The body uses glucosamine to build cartilage, the smooth covering of bone ends. Cartilage allows joints to move easily, without pain. Osteoarthritis is a painful condition, in which this cartilage becomes worn down. Many glucosamine supplements combine glucosamine with chondrotin sulfate. Chondrotin is produced naturally by the body, to lubricate joint surfaces and to prevent the breakdown of cartilage. However, the body does not effectively absorb ingested chondrotin, so supplementing with it may have no benefit. In several short-term studies, glucosamine has been found as effective as ibuprofen, in reducing osteoarthritis pain.


Athletes use glucosamine supplements in an effort to prevent breakdown of cartilage, ligaments, and tendons.


Glucosamine appears to be well tolerated by the body. Infrequent reports of side effects, include:

  • Stomach pain.

  • Rapid heart rate (tachycardia).

  • Swelling of the feet (edema).

  • Headache.

  • Skin rash.

  • Drowsiness.

  • Nausea.


Glucosamine is often advised as a 500-mg pill, taken three times a day. No known interactions with other drugs exist. Glucosamine supplementation does not seem to benefit everyone. If no benefits are seen within 6 to 12 weeks, the drug is not likely to be of benefit. A 3-week supply of glucosamine costs about $25. It is well absorbed, when taken by mouth.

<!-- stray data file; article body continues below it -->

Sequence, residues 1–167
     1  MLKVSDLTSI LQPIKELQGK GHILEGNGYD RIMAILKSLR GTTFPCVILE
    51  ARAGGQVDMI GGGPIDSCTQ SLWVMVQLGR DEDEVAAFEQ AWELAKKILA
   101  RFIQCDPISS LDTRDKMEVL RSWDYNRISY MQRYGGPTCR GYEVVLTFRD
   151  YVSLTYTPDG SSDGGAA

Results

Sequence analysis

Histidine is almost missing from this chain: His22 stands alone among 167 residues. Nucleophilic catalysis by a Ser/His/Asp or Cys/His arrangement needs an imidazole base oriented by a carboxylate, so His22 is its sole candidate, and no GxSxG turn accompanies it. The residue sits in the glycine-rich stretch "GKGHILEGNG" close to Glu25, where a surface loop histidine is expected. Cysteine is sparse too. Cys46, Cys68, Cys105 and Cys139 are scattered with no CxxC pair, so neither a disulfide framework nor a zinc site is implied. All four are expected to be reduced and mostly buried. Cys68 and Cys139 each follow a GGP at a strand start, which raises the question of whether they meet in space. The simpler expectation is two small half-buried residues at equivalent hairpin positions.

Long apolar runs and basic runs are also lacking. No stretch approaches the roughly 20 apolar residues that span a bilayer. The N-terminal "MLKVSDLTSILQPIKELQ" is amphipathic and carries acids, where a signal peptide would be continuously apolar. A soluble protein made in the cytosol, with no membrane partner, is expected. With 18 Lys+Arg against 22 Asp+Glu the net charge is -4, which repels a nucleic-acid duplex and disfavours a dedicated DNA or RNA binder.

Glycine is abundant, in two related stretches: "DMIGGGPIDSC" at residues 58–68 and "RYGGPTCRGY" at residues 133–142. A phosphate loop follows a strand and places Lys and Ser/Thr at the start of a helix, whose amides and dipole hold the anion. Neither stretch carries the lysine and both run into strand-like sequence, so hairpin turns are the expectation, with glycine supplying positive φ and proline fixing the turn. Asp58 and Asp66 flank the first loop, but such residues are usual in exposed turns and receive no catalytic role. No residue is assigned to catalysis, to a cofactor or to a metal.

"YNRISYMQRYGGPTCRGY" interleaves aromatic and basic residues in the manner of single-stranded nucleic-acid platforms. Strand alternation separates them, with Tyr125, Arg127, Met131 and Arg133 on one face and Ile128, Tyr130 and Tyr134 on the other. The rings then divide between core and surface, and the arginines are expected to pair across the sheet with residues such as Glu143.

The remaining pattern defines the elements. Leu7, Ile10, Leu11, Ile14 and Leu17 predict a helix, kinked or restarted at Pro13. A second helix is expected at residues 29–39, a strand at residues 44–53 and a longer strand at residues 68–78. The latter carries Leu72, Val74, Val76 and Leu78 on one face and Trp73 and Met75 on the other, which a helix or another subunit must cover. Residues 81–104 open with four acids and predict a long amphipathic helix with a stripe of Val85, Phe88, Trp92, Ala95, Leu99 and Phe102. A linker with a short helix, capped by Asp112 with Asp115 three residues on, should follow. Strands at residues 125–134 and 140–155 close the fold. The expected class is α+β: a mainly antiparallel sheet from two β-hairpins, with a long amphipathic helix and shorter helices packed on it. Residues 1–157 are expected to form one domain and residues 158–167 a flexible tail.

Although glucosamine has been shown to help arthritis, and has relatively low risk of side effects, the Arthritis Foundation does not recommend glucosamine supplementation. Currently, no long-term studies have been performed. Almost all studies have involved small numbers of patients. Good studies looking at safety and best dosage have not been performed. Glucosamine has not been shown to protect joints from wear, as it is often advertised. It has not been shown to effect tendons or ligaments. It has not been shown to reverse arthritis.